Now I am slave to his.

I see him.  There is a portion of the wall where the brick was never covered nor finished, mortar popcorned and slathered, hardened by years, cracked and scabbed.  My Danny bleeds out of this, takes shape, half transparent, but real as the world.  I am on my knees before him, and he is looking past me, mouthing some secret or anecdote with a glint of mischief in his eye.  He’s imitating someone, making a face, but I don’t get the joke.  He’s physicalizing a catch he made in center field, clearly narrating each slow motion step, but I can’t peg the particular game.

I tell him I love him, and he doesn’t hear me.

I tell him I’m sorry, and he looks away.

Something snaps in my head, and everything gets vivid.  This hard floor has always been my stage, this room my arena, and Danny my potential watcher.  We’ve switched places now, elder and child, and I’ve got to earn his favor.  It’s time to enter my own rite of passage, my moment of truth.  I’m scared as hell, but it’s all relative, isn’t it?  I raise the gun to my head and pray there won’t be all that much pain. I pray there is a God.  And right before I pull the trigger home, I pray that my Danny might stand ready after all these long years to take this ugly, ugly duckling with him to glory and finally call things even and equal.

Michael Aronovitz


This day, this life, is suddenly running like a mad groundhog.
Pastoral slowness abandoned to this mad dash to cross the killer road.
Ducking under lightly guarded, soft metal barriers,
Invading the concrete expanse,
Exploding to the other side.
This day, this life, is suddenly running
With a groundhog’s mad, wild abandon.
Like a pair of hairy wings with glazed eyeballs.
Like a pair of muscled shoulders churning and shedding.
Running like a seized moment for the ages.
Running with everything.
Running straight ahead, running blind,
Just to get to the other side. 

Stacy Esch

Veined orange blooms – nice
against the drab winter grass.
Snow brings loveliness.

 Margaret Robinson

Each night, in the bait
spot, a walnut wedge,
peanut butter, cheese.

Every morning for a week,
droppings in the drawer, home
only to paring knives while

the spring is thwapped, eats gone,
no corpse in sight. Existential
dread refuses to be caught,

naps by day, rises up the sink
pipe after dark to snack
on what I set out in my deep

need to have done with it –
scaly feet, twitching whiskers,
the sharp gnawing teeth.

Margaret Robinson

In “The Letter,” Alex Chilton 
gravels out “Air-O-Plane.”  
He wants a ticket. 
So do you—to fly 

where you’ll be handsome,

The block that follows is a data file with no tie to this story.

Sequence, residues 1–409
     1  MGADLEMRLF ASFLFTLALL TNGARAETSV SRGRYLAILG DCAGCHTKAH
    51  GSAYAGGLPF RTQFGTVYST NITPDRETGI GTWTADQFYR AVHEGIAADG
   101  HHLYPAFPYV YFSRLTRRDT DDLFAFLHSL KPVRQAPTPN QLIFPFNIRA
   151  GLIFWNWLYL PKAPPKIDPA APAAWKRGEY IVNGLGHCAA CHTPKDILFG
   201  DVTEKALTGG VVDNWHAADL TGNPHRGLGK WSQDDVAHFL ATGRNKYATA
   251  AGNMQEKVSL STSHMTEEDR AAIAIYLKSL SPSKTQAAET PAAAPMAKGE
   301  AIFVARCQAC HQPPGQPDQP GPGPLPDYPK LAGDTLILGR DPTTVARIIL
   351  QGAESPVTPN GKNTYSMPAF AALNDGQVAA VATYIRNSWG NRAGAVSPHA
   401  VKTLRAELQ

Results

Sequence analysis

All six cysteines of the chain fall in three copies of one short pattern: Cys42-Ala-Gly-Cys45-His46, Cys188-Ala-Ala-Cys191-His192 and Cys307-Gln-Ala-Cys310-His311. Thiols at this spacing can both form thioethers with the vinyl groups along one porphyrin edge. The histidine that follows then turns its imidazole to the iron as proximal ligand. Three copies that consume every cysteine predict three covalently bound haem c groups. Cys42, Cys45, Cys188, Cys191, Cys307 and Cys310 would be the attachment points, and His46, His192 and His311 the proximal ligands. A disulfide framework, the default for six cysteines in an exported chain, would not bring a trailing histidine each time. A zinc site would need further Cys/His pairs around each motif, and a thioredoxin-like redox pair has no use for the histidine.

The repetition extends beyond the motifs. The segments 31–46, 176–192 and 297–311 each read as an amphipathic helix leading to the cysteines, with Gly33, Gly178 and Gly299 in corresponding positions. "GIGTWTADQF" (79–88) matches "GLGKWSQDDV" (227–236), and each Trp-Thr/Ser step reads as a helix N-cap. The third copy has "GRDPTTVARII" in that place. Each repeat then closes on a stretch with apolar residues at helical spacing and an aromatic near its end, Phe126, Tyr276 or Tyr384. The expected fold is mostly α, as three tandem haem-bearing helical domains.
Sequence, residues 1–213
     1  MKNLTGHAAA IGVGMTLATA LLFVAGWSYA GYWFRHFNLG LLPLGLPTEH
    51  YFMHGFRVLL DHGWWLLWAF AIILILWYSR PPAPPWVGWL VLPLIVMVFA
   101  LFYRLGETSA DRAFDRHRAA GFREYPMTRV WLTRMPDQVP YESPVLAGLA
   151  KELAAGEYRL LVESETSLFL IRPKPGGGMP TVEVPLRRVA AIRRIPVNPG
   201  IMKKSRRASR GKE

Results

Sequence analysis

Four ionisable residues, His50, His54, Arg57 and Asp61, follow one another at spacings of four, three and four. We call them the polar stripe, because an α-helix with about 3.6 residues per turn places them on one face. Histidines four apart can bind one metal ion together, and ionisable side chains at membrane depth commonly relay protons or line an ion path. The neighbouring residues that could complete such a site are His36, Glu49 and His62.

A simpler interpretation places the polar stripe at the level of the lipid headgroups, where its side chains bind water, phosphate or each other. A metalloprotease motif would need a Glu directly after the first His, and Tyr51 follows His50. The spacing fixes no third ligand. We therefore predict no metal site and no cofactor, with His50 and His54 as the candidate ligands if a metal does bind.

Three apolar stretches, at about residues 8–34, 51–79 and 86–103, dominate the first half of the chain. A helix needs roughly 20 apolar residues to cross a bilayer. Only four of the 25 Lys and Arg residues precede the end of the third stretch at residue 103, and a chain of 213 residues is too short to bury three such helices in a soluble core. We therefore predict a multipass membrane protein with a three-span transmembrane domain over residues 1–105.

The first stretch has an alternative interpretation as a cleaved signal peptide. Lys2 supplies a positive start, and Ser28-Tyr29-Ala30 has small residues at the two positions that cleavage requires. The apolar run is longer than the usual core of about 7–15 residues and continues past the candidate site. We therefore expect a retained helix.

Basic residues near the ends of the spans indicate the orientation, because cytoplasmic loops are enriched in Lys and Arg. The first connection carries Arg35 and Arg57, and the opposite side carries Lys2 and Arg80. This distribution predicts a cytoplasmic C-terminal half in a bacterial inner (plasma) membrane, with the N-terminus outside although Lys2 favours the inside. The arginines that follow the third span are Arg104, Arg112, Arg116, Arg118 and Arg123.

bright, and athletic.  You 
pop pimples.  The song’s 

under two minutes long.  
The last verse got cut 
from the single—

the plane crashes.  You wish 
you had been on it.  Instead, 
you face 
Geometry.

Kenneth Pobo

Well, we have to begin somewhere, 
right?  Of course not!  
Don’t begin.  
Or end.  
And avoid the middle—
where demons diaper the dead.  
Think of yourself 
as a swing.  
You’re in mid-air, 
nobody pushing.  Somebody 
should be sitting on you.  
You were made for that.  
But you make a small
wind shiver 
as you near clouds.

Kenneth Pobo

We knew the family was in trouble, when our sister, Helen, starting putting bologna on the walls. Helen told us that Winston Churchill was living in her left ear. We believed she was joking. Winston Churchill living in her ear was by far better than bologna on the walls. An ear infection no doubt had spread to her brain. That’s what we thought. We were convinced the medicine produced her hallucinations, because prior to that, she was at the very least, lucid. She told us that Churchill told her enormous lies. Eventually, Helen began believing Churchill’s lies.

But it was the lunch meat she placed on decaying plaster walls that cinched the severity of her mental state for us. Winston Churchill could have been viewed as an imaginary friend, albeit, but she was fifteen at the time. What right did we have to say at what age one is supposed to give up a friendship fantasy? But putting food on the walls when we ten were so poor–we knew then, she was sick-in-the-head. Her mind was ka- put. The noodle was cooked. And our mother, who wasn’t quite right in the head either, would say, “Well, you know, Helen’s mental.” To this, our only response was, “And who wouldn’t be, living here with you and Tattie?